I’m not in the mood for that tonight, so when Anita comes out of the Ladies, I keep my head down and write furiously. She orders a Pinot. I continue to write. In the corner of my eye, I see her looking may way, and I know that if our eyes meet, she will take that as an opening for conversation. I don’t look up; I continue to write. And when it’s halftime on the Monday Night Football game, I swing around and study the highlights and replays as if my life depends on it.  Two minutes later she calls Kenny over.

ANITA: I’m sorry, I hate to do this to you, but can I have the check?
KENNY: No problem.
ANITA: It’s the wine. It’s really awful.
KENNY: I’m sorry.
ANITA: I feel really bad about this.
KENNY: That’s okay. And it could be worse—you could be drinking the Chardonnay. It’s like paint thinner.
ME: (Studying that TV set) Only thinner.
ANITA: How much?
KENNY: Nah, it’s on us.
ANITA: I’m sorry, Kenny.

When she leaves, Kenny raises his arms in a two-fisted “It’s good!” gesture, and pours us both a celebratory shot of whiskey.

KENNY: It wasn’t the wine. She left because nobody was talking to her. Cheers!
ME: Cheers!

It’s so high school, but I love it.

          In vino veritas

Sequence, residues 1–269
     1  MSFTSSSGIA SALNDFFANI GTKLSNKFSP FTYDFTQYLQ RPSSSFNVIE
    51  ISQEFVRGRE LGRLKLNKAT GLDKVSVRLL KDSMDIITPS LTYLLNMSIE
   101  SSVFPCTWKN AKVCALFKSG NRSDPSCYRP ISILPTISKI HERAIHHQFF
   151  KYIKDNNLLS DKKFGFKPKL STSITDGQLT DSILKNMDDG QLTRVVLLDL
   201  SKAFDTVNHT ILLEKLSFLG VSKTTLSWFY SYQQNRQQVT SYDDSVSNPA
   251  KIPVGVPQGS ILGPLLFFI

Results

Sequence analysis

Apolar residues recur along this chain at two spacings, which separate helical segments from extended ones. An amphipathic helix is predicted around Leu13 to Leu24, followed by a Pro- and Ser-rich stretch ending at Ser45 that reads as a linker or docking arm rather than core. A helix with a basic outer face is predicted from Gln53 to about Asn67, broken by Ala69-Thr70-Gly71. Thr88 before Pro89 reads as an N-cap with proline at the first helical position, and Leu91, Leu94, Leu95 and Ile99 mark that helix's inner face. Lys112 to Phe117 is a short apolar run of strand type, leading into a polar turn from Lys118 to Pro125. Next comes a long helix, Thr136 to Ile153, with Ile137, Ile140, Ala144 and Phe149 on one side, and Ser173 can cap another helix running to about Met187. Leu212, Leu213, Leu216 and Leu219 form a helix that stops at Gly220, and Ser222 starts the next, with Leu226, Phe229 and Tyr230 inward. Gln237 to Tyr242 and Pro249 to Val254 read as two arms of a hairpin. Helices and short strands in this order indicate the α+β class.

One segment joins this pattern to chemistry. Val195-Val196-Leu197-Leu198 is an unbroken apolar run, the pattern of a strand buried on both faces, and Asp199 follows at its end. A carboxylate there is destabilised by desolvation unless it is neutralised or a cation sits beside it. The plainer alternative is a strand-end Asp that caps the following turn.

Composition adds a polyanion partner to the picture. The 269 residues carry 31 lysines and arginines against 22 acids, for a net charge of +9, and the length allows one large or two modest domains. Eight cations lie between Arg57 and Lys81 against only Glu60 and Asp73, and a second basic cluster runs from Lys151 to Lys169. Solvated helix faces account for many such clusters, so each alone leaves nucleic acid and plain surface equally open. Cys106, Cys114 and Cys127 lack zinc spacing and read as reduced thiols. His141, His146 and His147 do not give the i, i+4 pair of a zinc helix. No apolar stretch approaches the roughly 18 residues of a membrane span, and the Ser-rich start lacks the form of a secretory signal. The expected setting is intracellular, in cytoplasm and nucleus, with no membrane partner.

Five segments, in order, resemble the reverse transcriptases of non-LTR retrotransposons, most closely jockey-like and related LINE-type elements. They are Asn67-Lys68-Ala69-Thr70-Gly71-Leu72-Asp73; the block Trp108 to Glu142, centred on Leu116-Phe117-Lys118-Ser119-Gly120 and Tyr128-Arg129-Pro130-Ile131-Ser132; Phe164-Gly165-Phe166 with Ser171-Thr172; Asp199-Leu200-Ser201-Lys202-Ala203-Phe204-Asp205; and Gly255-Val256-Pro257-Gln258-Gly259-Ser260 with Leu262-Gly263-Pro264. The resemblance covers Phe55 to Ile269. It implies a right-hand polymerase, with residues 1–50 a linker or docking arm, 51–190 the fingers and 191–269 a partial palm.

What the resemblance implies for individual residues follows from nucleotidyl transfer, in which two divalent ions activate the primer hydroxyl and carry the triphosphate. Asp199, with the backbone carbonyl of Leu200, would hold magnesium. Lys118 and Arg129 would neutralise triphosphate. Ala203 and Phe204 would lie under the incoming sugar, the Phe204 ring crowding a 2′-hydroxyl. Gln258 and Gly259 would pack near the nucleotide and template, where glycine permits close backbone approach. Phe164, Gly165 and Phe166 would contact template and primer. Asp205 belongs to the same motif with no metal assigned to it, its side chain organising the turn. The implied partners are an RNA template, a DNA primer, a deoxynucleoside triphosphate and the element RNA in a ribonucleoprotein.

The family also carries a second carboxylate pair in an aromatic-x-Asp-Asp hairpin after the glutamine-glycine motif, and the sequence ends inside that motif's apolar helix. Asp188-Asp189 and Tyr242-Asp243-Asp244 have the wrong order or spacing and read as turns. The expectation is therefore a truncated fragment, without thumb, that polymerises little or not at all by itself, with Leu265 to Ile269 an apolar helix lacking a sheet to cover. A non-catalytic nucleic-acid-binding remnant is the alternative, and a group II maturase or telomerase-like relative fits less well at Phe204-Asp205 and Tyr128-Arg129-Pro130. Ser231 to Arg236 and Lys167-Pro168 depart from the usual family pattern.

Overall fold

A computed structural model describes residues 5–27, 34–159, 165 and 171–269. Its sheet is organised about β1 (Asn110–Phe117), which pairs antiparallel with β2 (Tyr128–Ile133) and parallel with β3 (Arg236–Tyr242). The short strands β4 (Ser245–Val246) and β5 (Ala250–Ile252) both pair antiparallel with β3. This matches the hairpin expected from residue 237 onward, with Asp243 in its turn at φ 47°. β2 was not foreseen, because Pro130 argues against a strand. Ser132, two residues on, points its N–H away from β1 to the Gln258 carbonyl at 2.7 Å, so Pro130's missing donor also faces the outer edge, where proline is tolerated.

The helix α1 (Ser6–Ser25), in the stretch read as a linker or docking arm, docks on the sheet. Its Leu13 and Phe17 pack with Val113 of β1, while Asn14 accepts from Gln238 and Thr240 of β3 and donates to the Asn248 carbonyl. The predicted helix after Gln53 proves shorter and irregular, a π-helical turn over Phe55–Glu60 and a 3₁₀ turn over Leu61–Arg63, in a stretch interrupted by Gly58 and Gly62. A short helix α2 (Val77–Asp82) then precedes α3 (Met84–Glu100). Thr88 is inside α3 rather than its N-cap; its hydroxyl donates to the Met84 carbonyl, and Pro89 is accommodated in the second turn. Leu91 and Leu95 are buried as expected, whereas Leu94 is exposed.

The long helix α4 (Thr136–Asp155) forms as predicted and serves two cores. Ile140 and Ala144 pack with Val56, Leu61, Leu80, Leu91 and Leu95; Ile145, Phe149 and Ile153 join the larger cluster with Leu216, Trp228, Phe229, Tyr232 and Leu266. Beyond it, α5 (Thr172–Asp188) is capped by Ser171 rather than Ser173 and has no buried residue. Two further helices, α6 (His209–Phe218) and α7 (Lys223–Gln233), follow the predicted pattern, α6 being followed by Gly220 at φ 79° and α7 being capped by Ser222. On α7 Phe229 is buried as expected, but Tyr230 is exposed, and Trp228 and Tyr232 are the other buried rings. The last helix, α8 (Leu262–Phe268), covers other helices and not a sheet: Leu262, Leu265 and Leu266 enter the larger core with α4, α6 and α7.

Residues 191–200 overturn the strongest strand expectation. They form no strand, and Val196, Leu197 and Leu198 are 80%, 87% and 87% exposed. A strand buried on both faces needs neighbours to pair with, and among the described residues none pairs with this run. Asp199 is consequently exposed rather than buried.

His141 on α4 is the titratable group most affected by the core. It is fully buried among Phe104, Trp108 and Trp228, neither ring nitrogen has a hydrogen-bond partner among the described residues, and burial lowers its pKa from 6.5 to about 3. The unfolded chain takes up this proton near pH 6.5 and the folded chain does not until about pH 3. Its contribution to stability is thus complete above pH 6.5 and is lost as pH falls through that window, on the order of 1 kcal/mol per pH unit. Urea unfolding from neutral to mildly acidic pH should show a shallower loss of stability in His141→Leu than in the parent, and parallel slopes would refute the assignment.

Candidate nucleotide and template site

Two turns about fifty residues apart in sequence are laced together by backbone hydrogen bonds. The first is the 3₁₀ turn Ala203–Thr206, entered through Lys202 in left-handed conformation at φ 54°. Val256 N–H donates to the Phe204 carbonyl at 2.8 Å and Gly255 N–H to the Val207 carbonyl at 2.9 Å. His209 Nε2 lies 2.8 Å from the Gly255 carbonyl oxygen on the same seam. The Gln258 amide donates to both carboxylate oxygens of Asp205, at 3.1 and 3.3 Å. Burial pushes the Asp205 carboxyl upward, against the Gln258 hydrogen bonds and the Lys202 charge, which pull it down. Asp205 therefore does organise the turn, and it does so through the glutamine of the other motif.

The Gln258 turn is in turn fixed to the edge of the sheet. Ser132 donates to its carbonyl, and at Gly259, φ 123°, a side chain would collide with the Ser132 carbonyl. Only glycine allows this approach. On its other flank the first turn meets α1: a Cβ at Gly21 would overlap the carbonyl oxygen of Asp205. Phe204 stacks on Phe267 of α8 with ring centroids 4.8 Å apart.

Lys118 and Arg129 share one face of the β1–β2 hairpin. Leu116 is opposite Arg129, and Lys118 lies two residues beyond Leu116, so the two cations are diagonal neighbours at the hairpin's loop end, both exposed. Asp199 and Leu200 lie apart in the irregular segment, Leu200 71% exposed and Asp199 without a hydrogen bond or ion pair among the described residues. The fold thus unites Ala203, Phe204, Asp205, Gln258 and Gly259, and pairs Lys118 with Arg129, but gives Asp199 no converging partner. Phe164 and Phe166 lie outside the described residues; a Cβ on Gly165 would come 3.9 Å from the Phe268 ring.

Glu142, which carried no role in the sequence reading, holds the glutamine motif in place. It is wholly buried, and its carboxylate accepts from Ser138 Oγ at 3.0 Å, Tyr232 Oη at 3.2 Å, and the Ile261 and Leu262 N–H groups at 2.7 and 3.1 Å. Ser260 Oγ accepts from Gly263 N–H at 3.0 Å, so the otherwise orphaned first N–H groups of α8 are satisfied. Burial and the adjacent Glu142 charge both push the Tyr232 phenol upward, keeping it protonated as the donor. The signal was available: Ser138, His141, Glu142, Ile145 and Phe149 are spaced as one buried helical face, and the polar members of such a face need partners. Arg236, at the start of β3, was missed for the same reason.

The game ends with Seattle beating Oakland 16 zip, and I head downstairs just as Manuel come up with two cuties, parks himself at Table 204, and orders his usual No-Foam Pitcher Of Stella, which means Kenny is going to spend the next five minutes gritting his teeth while he uses a knife to scrape every last molecule of Stella foam from that pitcher. I give him a look of sympathy as I head downstairs and out. If Sunday is here, I don’t want to see her. After what I said to her yesterday, I have no idea what she’s going to do. Will she throw a drink in my face? (The Edward Albee option.) Will she treat me like we had a huge argument offstage that nobody ever got to see? (The Coast Of Utopia option.) Will she leap into my arms and say she only screwed around with Dominic to make me jealous? (The Woody Allen option—except that she’s too old.) Or maybe it’ll just peter out into an anticlimax. (The Neil Gaiman option.) Either way, I do not want to deal with her tonight, so I arrow out of the bar like I’ve been shot from Robin Hood’s bow and aim for the train, but who do I see smoking his meerschaum outside? Ned Shay! “Matty!” he cries. (He’s one of the five people on Planet Earth whom I allow to call me that.) “What fucking hill did you come out of?” I say, giving him a huge hug. “Is Nancy here?” He shakes his head. “She’ll be here tomorrow or the day after,” he says. “You got a place to crash?” “We do,” he says. “Well if you need one,” I start to say, and Ned interrupts with “You’re not leaving, dude—not before I buy you a drink.” “No I am not,” I reply, because who am I to refuse (a) a freed drink and (b) a man who has lived more lives than any twenty people I know.